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A Show That's Worth Nothing

Seinfeld is packing it in. And not a moment too soon. I hate that damned show.

Judging from the noisy national rending of cloth, I'm just about the only person in the country who feels that way. Given a front-cover send-off by Time, a decade-long blow-job by Entertainment Weekly and a million separate water-cooler paeans by Friday-morning bores, the American viewing public has inducted Seinfeld into the pantheon of Classic Television Series.

Which just shows how stupid the American viewing public is.

Are you even watching the same show I am? The Seinfeld that comes across my set is simply insufferable, a trial to watch even at its best. It's a constant, painful kidney stone dragging its way through the urinary tract of Thursday night.

The original NBC dismissal of the concept -- "too New York, too Jewish, too neurotic" -- is a dead-on description of everything that is grating, irritating, painfully unpleasant about the show, everything that should have driven it off the national airwaves and onto Staten Island public access long ago.

I live in Los Angeles to avoid New Yorkers. Why in the name of God would I want to invite them into my home? Every week? For seven years?

Do people really like watching George's mother screech her way through half an hour of hell? Do you actually enjoy watching the idiot George Costanza destroy any good that chances to enter his life with meticulous prevision? Is watching professional athletes stumble their way through unfunny locker room scenes your idea of a laugh-riot? Do you cackle madly at Jerry's obsession with minutiae? Does Kramer's tedious wacky-scheme-of-the-moment take you to nirvana? Are you floored by Elaine's--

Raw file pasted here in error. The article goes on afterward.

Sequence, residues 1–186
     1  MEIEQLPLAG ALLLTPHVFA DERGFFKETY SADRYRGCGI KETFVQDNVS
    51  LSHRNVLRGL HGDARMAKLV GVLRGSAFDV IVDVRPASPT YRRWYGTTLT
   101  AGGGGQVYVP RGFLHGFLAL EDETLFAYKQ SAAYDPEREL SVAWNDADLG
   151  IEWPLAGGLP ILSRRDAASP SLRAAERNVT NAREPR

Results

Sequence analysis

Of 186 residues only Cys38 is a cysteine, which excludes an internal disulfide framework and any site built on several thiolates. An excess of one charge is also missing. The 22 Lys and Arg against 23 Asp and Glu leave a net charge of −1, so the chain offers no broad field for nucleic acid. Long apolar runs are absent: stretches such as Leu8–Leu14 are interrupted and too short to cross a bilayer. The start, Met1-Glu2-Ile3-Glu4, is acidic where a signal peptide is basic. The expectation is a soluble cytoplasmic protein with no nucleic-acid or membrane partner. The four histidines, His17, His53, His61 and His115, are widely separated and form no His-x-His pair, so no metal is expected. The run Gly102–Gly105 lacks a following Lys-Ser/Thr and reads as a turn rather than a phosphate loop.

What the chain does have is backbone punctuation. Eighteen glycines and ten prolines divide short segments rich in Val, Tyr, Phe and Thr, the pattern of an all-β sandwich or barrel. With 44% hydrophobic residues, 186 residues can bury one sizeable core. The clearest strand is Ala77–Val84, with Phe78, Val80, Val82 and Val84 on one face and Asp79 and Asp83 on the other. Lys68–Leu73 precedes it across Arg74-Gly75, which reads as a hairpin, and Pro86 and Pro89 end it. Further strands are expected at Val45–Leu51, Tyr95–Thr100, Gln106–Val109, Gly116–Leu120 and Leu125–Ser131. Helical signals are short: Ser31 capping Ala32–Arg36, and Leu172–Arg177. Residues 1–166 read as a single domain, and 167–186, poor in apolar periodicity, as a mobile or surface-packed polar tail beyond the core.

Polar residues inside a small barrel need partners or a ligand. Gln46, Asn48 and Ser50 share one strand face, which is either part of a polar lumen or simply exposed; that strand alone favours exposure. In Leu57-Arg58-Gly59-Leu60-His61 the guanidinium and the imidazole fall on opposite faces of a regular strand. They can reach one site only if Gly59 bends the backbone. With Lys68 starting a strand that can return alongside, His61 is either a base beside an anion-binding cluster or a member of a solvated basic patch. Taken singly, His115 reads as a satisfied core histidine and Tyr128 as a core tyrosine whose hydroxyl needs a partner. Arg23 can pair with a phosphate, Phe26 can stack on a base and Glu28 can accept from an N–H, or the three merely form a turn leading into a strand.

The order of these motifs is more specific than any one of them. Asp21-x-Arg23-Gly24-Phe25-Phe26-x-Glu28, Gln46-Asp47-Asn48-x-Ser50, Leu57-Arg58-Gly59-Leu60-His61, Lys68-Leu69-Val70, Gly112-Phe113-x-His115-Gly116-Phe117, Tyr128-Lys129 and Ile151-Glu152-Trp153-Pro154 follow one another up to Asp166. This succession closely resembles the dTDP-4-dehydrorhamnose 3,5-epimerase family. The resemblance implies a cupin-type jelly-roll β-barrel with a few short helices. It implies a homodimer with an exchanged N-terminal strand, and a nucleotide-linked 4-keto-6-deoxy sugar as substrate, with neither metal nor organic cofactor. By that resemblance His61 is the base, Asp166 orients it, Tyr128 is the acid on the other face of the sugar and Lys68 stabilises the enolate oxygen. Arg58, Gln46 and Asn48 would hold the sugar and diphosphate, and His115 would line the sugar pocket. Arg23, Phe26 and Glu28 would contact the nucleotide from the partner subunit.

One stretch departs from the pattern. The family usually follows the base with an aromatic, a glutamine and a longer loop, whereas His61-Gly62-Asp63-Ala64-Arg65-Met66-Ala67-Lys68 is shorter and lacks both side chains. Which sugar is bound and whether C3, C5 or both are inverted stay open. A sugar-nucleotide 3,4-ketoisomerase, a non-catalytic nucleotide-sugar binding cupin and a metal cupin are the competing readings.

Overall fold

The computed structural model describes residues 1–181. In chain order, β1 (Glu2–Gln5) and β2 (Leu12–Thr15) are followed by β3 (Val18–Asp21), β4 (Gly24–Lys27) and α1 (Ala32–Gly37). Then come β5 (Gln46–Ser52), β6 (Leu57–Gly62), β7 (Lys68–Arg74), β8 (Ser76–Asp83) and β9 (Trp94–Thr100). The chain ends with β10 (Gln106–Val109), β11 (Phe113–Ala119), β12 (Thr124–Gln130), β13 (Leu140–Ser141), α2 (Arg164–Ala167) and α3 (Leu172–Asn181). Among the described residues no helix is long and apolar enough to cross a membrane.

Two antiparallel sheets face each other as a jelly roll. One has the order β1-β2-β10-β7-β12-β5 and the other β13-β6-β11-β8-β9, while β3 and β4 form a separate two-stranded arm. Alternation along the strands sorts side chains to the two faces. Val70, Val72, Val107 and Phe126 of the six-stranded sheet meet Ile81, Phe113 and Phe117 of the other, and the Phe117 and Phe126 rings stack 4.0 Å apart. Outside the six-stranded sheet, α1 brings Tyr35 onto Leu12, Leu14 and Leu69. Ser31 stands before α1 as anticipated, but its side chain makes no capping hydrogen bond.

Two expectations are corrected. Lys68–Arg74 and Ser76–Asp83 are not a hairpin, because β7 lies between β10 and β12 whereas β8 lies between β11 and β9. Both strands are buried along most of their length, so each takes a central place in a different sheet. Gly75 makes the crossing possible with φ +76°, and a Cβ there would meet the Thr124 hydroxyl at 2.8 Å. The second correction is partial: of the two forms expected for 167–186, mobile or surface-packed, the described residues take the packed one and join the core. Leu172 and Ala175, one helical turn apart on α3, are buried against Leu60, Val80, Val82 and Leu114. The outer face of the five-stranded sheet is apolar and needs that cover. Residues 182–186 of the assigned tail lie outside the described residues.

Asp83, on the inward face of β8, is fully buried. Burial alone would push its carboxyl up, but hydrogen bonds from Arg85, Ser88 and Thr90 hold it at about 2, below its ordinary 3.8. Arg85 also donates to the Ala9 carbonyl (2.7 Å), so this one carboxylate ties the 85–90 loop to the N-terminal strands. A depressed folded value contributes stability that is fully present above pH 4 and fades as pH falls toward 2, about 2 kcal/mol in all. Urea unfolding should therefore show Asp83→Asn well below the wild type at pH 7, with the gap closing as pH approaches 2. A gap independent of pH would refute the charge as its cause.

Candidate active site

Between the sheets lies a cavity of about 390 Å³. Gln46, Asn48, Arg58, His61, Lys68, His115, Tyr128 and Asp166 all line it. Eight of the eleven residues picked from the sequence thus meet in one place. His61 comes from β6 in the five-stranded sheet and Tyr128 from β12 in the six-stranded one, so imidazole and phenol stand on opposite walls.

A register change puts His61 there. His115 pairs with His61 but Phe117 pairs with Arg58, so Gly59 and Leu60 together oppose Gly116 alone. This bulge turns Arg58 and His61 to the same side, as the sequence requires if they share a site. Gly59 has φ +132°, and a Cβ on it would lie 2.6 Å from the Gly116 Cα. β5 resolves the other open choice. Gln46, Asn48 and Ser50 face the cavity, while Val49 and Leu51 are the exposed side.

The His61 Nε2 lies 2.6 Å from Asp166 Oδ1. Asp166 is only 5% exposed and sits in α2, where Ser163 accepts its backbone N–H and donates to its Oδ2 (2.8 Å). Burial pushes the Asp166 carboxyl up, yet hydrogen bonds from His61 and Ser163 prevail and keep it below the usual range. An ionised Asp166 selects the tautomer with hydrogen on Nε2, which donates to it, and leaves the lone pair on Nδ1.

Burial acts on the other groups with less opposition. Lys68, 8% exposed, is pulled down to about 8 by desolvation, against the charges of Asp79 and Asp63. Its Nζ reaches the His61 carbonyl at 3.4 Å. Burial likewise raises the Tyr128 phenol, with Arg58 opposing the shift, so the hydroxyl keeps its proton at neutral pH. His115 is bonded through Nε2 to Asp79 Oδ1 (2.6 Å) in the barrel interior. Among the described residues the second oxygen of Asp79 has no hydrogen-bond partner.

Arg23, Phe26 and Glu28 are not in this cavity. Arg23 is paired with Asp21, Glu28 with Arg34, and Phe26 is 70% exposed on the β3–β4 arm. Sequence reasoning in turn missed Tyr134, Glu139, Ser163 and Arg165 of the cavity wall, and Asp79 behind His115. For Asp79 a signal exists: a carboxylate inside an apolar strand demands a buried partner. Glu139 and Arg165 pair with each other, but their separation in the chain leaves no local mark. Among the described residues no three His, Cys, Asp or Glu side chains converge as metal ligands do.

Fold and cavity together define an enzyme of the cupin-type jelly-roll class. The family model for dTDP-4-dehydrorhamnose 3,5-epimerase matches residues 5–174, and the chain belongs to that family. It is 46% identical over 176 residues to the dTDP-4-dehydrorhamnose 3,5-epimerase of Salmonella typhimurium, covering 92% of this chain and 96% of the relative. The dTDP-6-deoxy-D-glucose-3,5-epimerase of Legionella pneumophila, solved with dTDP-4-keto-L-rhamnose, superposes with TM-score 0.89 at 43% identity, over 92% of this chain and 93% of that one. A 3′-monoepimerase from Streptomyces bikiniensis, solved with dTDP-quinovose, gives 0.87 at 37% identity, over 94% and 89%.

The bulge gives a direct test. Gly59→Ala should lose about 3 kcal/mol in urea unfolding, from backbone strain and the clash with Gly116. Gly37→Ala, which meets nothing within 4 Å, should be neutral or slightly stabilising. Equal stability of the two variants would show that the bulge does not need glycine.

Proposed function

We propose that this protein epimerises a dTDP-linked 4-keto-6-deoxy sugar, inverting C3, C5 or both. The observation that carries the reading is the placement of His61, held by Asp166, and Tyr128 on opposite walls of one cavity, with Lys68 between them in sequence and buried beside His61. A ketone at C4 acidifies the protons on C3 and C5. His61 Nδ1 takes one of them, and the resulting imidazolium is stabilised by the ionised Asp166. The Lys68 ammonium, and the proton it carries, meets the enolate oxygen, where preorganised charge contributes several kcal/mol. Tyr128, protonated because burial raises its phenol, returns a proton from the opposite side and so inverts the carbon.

My teeth are grinding just thinking about it.

The show's "characters" are nothing more than caricatures -- overbroad, obvious, irritating and -- most of all -- stupid, stupid, stupid. Without even a threadbare plot to hold each 24-minute death-march together, Seinfeld is no better than other inexplicably long-running wads of predictable stereotyping like Dear John or Three's Company.

Yes, as lonely and disgruntled (our core demographic) TeeVee readers are fond of pointing out, if I don't like it I can turn it off.

Which I do. Often with a brick.

But the problem with Seinfeld is that you can't escape it. It's infiltrated the culture like some horrible, sucking fungus. You can't use simple concepts such as "Thursday," "New York" or even "television" without some simpleton grinning his foolish little grin and jabbering on about how, garsh, he just loves that thar Seinfeld show.

Gay? Not that there's anything wrong with that!

Nazis? No soup for you!

Littlefield? It's a show about nothing!

And the phrase "gay Nazi Littlefield" will send a Seinfeld viewer into confused spasms of catch-phrase overload. Yadda, yadda, fucking yadda.

So the sooner Seinfeld exits the airwaves and his legion of mindless followers just shut the hell up, the better. You've got your Kramer t-shirt and your complete collection of the legendary fourth season on tape and your sloppy emotionalisms about how a piece of Americana is dismounting the national hearth and I just don't want to hear about it any more.

It's a TV show. A bad TV show. Occasionally it managed to eke out a laugh in between the wincing and grimaces. But that's it. Get over it. Get on with your lives. Get lives in the first place.

And good riddance.


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